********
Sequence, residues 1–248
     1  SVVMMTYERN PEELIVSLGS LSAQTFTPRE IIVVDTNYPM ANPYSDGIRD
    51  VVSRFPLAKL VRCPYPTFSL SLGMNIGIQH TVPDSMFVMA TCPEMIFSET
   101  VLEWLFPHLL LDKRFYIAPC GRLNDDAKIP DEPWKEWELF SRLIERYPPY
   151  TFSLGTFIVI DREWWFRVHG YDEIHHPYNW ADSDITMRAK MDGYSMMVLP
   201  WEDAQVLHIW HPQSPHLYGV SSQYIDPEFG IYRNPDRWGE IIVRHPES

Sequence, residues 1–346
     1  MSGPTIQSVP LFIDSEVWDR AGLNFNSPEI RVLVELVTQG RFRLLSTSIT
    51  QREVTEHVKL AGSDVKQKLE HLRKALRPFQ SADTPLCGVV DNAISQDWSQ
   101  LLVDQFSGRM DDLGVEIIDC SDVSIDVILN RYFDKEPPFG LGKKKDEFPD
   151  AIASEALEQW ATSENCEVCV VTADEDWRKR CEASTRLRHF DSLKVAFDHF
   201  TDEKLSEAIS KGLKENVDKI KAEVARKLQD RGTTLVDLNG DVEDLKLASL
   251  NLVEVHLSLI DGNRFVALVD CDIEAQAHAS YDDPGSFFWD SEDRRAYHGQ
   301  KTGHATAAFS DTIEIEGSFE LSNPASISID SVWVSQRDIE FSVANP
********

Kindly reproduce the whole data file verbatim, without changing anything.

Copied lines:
Sequence, residues 1–248
     1  SVVMMTYERN PEELIVSLGS LSAQTFTPRE IIVVDTNYPM ANPYSDGIRD
    51  VVSRFPLAKL VRCPYPTFSL SLGMNIGIQH TVPDSMFVMA TCPEMIFSET
   101  VLEWLFPHLL LDKRFYIAPC GRLNDDAKIP DEPWKEWELF SRLIERYPPY
   151  TFSLGTFIVI DREWWFRVHG YDEIHHPYNW ADSDITMRAK MDGYSMMVLP
   201  WEDAQVLHIW HPQSPHLYGV SSQYIDPEFG IYRNPDRWGE IIVRHPES

Sequence, residues 1–346
     1  MSGPTIQSVP LFIDSEVWDR AGLNFNSPEI RVLVELVTQG RFRLLSTSIT
    51  QREVTEHVKL AGSDVKQKLE HLRKALRPFQ SADTPLCGVV DNAISQDWSQ
   101  LLVDQFSGRM DDLGVEIIDC SDVSIDVILN RYFDKEPPFG LGKKKDEFPD
   151  AIASEALEQW ATSENCEVCV VTADEDWRKR CEASTRLRHF DSLKVAFDHF
   201  TDEKLSEAIS KGLKENVDKI KAEVARKLQD RGTTLVDLNG DVEDLKLASL
   251  NLVEVHLSLI DGNRFVALVD CDIEAQAHAS YDDPGSFFWD SEDRRAYHGQ
   301  KTGHATAAFS DTIEIEGSFE LSNPASISID SVWVSQRDIE FSVANP